Rybak, Judy Dayton call for celebration of Orchestra
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- January 9, 2013 - 3:30 PM
Mayor Rybak participated in a program with the Minnesota Orchestra in 2006./Photo by Richard Sennott.
Minneapolis Mayor R.T. Rybak and Judy Dayton, a longtime arts benefactor, are hoping that both sides in the Minnesota Orchestra labor dispute will set down their arms for one night and celebrate the ensemble’s Grammy nomination.
Rybak and Dayton have invited the players and music director Osmo Vanska to perform the Sibelius Symphonies No. 2 and 5 on Feb. 1 at the Minneapolis Convention Center. The orchestra’s recording of those two pieces have been nominated for Best Orchestral Performance. The Grammy winner will be announced Feb. 10.
"We are obviously in a complicated labor issue right now,” Rybak said in an interview Wednesday afternoon. “But it would be a tragedy in my mind if the dispute prevented this community from celebrating the fact that we have an institution that is up for a Grammy.”
Rybak said that he and Dayton informed all parties in the dispute, but did not ask permission to put on the event. A spokesman for the musicians said later that they would accept the request. Vanska’s position is more complicated, in that his appearance could be seen as supporting the musicians in their bargaining standoff with management. As the chief artistic officer and public face of the institution, music directors generally take no position in such matters.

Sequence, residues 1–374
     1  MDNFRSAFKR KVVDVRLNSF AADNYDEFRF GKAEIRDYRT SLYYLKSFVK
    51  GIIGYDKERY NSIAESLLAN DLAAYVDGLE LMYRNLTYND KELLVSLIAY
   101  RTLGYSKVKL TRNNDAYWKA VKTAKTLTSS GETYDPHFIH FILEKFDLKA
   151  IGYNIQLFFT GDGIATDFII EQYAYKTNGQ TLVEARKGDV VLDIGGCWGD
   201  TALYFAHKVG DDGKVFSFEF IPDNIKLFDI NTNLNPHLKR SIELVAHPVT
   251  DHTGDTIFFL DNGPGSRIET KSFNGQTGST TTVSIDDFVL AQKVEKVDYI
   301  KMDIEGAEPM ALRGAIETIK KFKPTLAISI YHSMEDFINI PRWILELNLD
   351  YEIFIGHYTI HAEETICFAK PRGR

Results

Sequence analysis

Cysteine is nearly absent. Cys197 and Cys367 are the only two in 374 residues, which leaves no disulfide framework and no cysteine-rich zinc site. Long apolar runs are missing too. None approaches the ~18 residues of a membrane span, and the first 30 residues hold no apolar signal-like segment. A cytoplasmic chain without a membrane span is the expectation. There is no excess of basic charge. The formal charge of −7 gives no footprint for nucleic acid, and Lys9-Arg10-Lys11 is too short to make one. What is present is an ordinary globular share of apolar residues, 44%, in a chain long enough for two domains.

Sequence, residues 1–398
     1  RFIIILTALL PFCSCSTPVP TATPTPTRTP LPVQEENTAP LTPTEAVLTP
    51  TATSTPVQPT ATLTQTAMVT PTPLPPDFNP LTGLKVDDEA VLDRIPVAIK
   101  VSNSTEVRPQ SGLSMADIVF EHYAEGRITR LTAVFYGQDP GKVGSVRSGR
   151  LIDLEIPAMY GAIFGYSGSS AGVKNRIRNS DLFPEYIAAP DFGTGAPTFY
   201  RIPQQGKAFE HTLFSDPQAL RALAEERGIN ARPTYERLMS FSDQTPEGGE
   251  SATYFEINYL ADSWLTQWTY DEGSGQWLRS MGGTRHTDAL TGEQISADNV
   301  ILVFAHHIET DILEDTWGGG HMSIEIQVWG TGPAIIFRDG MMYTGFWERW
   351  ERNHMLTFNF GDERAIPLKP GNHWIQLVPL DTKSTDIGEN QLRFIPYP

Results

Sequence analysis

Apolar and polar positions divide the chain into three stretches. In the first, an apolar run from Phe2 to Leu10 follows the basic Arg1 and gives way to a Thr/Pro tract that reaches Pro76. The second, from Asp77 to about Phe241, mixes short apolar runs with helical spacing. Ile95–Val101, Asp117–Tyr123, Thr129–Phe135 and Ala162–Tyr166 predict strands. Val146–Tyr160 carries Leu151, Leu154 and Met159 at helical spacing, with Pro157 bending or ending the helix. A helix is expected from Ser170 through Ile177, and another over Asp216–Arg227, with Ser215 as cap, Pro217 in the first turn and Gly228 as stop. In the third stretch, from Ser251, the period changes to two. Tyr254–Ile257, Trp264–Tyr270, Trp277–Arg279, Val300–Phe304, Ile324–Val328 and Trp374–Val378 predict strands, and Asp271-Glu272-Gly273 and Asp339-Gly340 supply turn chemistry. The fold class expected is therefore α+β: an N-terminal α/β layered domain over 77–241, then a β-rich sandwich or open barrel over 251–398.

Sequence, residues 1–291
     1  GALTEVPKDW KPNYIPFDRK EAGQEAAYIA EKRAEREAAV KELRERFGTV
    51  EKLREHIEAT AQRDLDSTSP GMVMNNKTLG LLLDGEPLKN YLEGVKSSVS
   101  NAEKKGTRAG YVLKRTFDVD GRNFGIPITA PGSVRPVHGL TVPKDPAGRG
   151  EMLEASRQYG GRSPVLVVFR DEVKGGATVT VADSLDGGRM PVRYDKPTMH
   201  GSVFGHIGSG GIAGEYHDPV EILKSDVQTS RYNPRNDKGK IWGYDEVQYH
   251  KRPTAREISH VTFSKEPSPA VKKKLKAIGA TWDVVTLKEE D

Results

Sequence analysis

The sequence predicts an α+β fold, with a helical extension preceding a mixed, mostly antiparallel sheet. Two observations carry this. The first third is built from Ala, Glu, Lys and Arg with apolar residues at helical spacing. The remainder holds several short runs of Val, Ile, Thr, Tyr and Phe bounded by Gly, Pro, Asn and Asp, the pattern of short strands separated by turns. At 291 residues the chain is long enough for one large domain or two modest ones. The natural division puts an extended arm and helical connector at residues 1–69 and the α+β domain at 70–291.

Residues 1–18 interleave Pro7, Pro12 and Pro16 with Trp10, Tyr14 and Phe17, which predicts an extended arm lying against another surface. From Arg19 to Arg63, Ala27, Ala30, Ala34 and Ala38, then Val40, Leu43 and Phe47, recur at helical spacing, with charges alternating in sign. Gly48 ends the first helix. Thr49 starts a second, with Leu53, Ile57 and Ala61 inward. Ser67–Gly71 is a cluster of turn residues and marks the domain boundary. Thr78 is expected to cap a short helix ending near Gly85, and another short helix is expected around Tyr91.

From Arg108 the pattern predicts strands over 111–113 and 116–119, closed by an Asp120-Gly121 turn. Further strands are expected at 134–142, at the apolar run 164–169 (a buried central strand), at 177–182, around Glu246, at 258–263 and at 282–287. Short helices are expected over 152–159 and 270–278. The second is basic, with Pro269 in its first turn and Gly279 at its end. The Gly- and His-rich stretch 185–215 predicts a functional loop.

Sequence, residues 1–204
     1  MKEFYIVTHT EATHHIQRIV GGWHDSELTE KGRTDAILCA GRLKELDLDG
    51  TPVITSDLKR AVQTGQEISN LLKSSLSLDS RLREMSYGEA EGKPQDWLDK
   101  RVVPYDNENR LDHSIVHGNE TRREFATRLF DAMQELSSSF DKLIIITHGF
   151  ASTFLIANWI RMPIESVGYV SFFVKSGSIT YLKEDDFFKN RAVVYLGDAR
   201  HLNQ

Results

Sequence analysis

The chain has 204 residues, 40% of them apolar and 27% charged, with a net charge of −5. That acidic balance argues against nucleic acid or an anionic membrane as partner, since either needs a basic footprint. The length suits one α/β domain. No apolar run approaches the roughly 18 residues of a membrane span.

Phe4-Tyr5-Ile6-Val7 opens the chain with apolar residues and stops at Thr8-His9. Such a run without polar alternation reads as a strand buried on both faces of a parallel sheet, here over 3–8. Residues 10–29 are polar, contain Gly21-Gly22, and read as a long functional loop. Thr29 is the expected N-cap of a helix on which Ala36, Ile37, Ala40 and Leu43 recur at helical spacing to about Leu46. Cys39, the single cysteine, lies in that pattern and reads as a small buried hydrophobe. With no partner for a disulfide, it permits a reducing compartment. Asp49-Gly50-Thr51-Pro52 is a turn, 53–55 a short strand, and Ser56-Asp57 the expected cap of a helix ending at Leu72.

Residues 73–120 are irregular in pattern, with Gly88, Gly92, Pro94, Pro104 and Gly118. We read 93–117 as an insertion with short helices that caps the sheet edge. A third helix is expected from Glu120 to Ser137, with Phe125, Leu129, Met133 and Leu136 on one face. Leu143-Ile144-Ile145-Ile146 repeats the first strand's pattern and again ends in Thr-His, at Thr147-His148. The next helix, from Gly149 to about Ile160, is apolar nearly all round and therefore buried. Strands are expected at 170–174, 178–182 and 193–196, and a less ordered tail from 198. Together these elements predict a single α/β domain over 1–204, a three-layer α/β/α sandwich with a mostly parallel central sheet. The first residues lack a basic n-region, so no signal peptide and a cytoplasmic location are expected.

The mayor, however, stressed that he and Dayton would be the hosts of such an event and that it would be a cease fire of sorts.
“We’re asking everyone to put down the dispute for that night and come together to celebrate the accomplishment,” he said.
Rybak, who has expressed concern several times recently about the labor difficulty, said that the event could help convince a broader base of people to support the orchestra.
“As a community leader, many of us haven’t done enough,” he said. “This orchestra has been held together for generations by relatively few people and if we care about this institution, more of us need to put our money where our mouth is.”
Musicians and management this week are exploring options aimed at completing a financial analysis of the orchestra. It is one part of an agenda the two sides agreed upon last week to restart negotiations that stalled after musicians were locked out on Oct. 1. Locked-out musicians have played three concerts on their own, with the clear intention of generating support and publicity for their position. Rybak and Dayton insist the Feb. 1 event would be a neutral ground.
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